Lou Cheek, TheCostaRicaNews.com
To most Costa Ricans – Ticos and expats alike – Costa Rican history begins with the arrival of the Spanish in 1502. Recent developments and archeological finds are painting a far different picture however. In fact, there is increasing evidence that ancient cultures thrived in the land of Pura Vida long before European explorers cast covetous eyes upon its beauty and natural riches.
Three archeological sites in various parts of the country give an interesting glimpse into pre-Columbian life: Guayabo and La Montana complex in Turrialba, the footpaths of Lake Arenal, and . Each site offers a different window into who the ancient Costa Ricans were and how they lived.
The first, and probably the most notable, is Guayabo de Turrialba. This 540 acre – which is roughly 219 hectares – site can be found in Turrialba on the southern slope of the Turrialba Volcano.
The Guayabo National Park monument was established to preserve the ruins of the city even as archeologists continue to unearth details about the settlement and those who lived there. To date, it is estimated that Guayabo was established and inhabited somewhere around 1500 B.C. During the height of its existence, the city may have held between 10,000 and 25,000 people. For unknown reasons, the settlement seems to have been abandoned by 1400 A.D.-nearly a century before the Spanish arrived. Curiously, no record was left by the Spanish as to whether they had discovered the location and, if so, what condition it was in.
Though only about 10% of the site has been excavated, stone streets, various structures, water cisterns and numerous petroglyphs all provide evidence of a vibrant and thriving society. Scientists have also theorized from the drawings that there was a dual power structure-the political chief, known as Cacique and a religious/spiritual leader called Saman. Perhaps as you visit Guayabo, you may be the one to unlock its mysteries.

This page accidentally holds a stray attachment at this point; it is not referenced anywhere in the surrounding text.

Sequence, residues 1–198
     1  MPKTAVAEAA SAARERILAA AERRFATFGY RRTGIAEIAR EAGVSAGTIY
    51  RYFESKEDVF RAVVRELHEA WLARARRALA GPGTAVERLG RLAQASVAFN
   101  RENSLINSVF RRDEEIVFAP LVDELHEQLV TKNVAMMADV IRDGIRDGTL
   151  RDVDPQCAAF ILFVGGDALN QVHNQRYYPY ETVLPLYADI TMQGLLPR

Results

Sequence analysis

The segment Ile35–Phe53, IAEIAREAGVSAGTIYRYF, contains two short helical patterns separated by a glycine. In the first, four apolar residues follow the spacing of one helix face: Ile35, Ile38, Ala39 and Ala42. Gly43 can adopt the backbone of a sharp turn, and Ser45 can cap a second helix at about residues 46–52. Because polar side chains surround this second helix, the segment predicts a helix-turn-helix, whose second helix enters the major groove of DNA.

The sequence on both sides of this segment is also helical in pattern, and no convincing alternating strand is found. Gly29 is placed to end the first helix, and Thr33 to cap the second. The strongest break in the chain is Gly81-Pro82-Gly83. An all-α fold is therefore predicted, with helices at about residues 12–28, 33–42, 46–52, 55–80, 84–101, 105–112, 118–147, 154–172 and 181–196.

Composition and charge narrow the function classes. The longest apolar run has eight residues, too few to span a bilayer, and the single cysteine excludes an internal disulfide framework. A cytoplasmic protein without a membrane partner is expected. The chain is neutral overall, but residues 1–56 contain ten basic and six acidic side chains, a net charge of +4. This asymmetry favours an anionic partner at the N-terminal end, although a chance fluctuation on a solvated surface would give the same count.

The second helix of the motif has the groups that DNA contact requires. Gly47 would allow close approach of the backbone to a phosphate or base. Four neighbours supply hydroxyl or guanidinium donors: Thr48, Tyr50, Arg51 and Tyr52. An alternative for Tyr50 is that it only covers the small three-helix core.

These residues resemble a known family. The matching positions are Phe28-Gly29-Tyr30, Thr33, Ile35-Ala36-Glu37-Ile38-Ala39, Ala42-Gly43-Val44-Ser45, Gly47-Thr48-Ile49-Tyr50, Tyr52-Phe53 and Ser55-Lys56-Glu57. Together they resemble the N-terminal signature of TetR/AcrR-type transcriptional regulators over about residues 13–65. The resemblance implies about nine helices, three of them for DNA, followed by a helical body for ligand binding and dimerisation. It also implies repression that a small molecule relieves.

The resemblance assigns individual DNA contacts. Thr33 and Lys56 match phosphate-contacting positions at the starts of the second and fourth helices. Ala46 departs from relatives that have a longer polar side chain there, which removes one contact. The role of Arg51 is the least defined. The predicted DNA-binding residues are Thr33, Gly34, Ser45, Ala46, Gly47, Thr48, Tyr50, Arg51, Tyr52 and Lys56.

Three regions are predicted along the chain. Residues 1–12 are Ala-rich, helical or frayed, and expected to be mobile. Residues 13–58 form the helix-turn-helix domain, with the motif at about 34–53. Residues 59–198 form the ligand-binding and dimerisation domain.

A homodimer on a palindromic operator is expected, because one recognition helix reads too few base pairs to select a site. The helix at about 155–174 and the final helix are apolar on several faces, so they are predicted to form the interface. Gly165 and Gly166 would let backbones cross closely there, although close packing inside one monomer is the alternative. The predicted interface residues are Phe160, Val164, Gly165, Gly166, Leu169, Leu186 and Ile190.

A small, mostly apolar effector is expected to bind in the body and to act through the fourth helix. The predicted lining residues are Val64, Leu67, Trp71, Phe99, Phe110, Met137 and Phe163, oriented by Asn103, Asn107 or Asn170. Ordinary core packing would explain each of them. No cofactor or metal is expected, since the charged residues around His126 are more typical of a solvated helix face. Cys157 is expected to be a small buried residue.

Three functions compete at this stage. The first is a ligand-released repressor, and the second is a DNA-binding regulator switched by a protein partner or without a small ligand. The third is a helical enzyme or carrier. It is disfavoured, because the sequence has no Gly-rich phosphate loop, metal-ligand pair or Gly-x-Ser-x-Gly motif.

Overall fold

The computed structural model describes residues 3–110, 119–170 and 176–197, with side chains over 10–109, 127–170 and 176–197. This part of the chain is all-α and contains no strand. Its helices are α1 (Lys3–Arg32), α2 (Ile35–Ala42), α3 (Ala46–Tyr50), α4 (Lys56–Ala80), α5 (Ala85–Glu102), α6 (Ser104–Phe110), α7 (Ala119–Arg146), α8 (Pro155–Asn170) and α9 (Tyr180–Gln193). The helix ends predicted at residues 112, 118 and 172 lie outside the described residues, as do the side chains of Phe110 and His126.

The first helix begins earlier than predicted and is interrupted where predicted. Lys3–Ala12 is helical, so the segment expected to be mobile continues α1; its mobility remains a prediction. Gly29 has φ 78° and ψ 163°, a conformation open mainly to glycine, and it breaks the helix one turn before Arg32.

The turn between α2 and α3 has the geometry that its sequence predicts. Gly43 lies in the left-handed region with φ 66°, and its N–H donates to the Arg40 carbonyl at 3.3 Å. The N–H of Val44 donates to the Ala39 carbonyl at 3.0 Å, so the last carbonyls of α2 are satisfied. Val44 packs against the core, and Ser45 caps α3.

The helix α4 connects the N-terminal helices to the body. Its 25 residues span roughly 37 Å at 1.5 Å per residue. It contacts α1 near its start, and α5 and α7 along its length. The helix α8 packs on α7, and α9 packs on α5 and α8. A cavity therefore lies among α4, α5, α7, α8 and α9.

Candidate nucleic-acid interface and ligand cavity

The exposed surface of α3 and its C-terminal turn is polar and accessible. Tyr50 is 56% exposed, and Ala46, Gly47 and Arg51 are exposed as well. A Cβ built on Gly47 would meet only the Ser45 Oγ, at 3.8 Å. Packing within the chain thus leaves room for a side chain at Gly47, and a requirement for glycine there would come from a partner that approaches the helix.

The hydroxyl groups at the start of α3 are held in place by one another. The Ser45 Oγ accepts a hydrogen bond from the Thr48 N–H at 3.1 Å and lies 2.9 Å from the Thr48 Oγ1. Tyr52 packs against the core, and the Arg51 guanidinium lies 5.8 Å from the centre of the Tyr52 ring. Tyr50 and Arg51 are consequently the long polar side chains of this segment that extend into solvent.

There is also a second location in Turrialba known as La Montana complex. Though not as extensive as the Guayabo settlement, pottery shards found there dated from 1500 to 300 B.C.; some archeologists feel that these samples must have been pre-dated by even earlier types of ceramic objects-perhaps as old as 2000 B.C.
Another location which is far more mysterious in origin can be found near the shores of Lake Arenal. Known for the majestic volcano that stands sentinel over the valley, Arenal became the focus of one Payson Sheets, an archeologist from the University of Colorado. Using NASA remote sensing technology, Sheets discovered the existence of remote footpaths both around and under the current Lake Arenal during these aerial surveys in 1985.
These footpaths, some dating back to 500 B.C., lifted a curtain on the life and culture of the ancients who used them as part of their daily existence. Sheets and other behavioral archeologists theorized that wandering bands may have lived around the volcano as early as 10,000 B.C. although a permanent settlement probably did not become established until around 2000 B.C.
These early settlers would move away during eruptions and then return to their crops and settlement when Arenal grew quiet. Much like the citizens of Guayabo, these lake residents vanished around 1400 B.C. The belief is that a plague, not the Volcano, is what ended their days.
The last area which has revealed some pre-history of Costa Rica is the Nicoya peninsula. As science continues to pull back the layers of time, there is increasing evidence that the Olmecs and the earliest Ticos did interact. Ceramics found near Guanacaste, dating from 300 B.C. show this influence and, possibly, could be a prelude to finding a much stronger connection between the ancient MesoAmericans and the “pre-Ticos.”
So as you explore the wonders of this land of riches, know that you follow the footsteps of the ancients who, like you, were looking for their special place in paradise.